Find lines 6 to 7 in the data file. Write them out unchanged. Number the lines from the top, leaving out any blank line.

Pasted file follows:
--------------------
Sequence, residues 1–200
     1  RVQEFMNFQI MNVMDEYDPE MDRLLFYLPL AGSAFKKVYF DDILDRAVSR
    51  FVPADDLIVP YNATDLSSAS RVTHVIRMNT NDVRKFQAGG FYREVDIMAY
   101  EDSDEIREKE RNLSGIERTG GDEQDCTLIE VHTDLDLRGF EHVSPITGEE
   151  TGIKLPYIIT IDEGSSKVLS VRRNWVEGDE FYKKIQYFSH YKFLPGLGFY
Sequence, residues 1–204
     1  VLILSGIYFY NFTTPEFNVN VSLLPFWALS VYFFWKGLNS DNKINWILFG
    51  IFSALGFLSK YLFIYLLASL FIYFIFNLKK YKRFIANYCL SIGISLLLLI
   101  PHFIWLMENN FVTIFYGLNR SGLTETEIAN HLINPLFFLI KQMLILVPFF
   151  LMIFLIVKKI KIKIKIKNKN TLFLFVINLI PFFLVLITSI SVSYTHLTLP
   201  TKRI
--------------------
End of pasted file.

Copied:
Sequence, residues 1–204
     1  VLILSGIYFY NFTTPEFNVN VSLLPFWALS VYFFWKGLNS DNKINWILFG